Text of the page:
“I felt after that LP I was getting into such a miserable state that I was no longer able to examine it. You get to the point where people just know you’re going to be miserable and depressing – which I’ve never intended to do. With this new LP, the idea was to really simplify thoughts and lyrics and my whole approach.”

It was after Torment And Toreros that he made his fast exit from the music business, pausing only to crack a whip in the direction of Record Mirror journalist Jim Reid.

“What a drama queen,” he laughs in remembering the performance. “At least it livens things up a bit – who else does things like that? I’ll probably pull another one when I’m feeling bored.”

Marc is the incorrigible drama queen, with a talent for pumping up the smallest incident into a huge comic epic. All the same the public attention, which he ingloried so much, no longer holds so much appeal.

“For me the novelty wore off very quickly,” he says.

“I thought I was an exhibitionist, I liked to think I was, but probably I’m very much the opposite. It seemed attractive before, as a scream to be noticed, but now, when it’s there, it’s no longer valuable.

“All I want is to be left alone,” he continues, sinking again into some drama that’s part of real life, “alone with my thoughts,” hand held in the operatic overstatement close to the chest, “and my memories.” The scene subsides into a fit of giggles where there should, by the dramatic order, have been a burst of applause.

It always seemed as if success for Marc, as for Boy George, was a revenge. Although he never radiated the O’Dowd smugness there was a definite feeling of the loser’s revenge.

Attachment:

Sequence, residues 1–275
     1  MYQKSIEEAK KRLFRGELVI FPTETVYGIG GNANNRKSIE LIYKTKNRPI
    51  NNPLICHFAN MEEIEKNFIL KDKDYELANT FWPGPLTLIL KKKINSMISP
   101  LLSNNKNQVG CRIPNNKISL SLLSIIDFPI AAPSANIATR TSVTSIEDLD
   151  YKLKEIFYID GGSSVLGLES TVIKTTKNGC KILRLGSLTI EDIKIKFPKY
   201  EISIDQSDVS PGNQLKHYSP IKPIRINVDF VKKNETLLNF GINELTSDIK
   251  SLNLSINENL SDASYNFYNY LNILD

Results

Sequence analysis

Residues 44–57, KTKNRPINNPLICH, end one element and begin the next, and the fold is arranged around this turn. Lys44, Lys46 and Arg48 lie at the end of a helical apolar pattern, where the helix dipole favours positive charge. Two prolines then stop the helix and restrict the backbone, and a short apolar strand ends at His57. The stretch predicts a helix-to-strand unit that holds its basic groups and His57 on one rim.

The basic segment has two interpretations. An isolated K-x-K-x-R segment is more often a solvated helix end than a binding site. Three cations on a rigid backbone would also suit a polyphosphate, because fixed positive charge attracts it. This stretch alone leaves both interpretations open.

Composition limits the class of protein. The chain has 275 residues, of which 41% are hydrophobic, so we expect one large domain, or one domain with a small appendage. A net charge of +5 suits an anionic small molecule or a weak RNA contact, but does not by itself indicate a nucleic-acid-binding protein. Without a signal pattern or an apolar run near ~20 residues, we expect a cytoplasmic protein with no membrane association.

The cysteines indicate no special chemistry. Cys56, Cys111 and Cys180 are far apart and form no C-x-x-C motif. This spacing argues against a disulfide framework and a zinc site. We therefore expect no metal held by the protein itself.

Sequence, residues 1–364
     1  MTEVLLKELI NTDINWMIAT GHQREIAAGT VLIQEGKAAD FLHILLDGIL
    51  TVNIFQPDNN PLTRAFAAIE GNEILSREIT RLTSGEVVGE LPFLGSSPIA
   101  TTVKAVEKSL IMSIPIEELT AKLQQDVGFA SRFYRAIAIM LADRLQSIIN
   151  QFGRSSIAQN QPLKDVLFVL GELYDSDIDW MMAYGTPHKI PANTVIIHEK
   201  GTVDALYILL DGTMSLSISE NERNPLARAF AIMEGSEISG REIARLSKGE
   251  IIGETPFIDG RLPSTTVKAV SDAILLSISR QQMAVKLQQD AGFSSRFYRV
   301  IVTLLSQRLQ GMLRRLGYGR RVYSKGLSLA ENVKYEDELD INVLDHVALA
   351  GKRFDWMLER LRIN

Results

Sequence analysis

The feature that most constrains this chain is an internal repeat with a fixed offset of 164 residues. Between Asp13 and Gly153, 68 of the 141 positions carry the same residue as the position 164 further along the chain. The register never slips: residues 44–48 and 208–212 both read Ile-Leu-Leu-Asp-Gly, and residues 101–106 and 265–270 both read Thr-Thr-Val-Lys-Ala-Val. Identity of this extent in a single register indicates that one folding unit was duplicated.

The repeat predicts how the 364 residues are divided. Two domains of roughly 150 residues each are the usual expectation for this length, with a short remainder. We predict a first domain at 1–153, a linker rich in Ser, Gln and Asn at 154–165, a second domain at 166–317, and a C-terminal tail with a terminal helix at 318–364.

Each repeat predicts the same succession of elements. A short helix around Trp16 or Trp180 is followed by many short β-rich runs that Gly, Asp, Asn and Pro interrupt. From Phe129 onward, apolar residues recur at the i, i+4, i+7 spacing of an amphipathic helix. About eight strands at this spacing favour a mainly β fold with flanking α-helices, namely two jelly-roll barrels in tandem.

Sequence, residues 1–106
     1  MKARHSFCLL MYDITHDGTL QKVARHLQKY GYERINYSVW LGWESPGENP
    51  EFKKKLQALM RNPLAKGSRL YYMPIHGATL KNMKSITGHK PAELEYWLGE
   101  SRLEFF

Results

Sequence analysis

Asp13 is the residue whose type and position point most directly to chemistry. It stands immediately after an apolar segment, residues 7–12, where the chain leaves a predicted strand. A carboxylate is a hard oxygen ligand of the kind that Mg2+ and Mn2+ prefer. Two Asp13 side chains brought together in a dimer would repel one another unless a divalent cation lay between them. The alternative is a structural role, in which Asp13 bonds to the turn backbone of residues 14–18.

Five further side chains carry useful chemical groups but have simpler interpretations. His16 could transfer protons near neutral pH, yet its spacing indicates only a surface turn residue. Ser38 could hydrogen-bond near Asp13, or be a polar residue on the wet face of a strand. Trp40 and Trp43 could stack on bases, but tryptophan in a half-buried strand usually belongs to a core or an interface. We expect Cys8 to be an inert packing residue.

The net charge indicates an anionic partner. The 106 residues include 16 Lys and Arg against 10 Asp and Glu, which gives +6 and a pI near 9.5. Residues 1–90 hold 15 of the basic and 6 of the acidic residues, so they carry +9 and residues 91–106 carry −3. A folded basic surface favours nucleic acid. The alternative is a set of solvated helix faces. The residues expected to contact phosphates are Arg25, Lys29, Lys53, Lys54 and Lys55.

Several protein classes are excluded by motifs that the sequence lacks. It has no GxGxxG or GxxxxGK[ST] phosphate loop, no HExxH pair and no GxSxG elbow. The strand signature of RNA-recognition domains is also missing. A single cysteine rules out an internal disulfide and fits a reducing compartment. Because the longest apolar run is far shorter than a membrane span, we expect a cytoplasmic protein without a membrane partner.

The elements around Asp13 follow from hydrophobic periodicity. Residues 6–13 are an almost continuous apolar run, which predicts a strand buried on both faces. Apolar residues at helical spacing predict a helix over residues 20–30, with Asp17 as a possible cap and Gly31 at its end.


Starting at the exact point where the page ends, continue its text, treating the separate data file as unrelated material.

“I think that’s very true. There is an element of revenge in that, there are things that I went through at school and things like that. There are so many people you want to get back at and so many people you want to kick in the teeth.

“But you get yourself in that position of power where people want to know what you have to say, right down to the deepest meaning in a certain line from a song, and there is a great ego boost in that. But the trouble is you seem to magnify the number of people who hate you as well, and then suddenly you’re a dart board for the rest of your life.

“It’s like going from one hell to another.”

All the same you do take a perverse pleasure from being considered important enough to be hated on a wide scale.

“I think it’s the masochist in me. If you can’t get anything else out of this whole thing, you can get a certain satisfaction from getting up as many people’s noses as possible, because there is so much hypocrisy in the business.

“The whole pop music industry really sucks very, very badly. It stinks. It’s full of seeping hypocrisy. It’s this huge great pustule. It’s a sick, nauseating thing.

“The way I look at it you just have to try and annoy the people who run it as much as possible.”

“You were being your photo/And spouting your promo/Flinging back your limp wit/That’s as limp as your dick…And your sell-out assured/You were always a whore”
(‘Catch A Falling Star’).

How much were those lines from ‘Catch A Falling Star’ your attempt to squeeze the puss out of the pop pustule?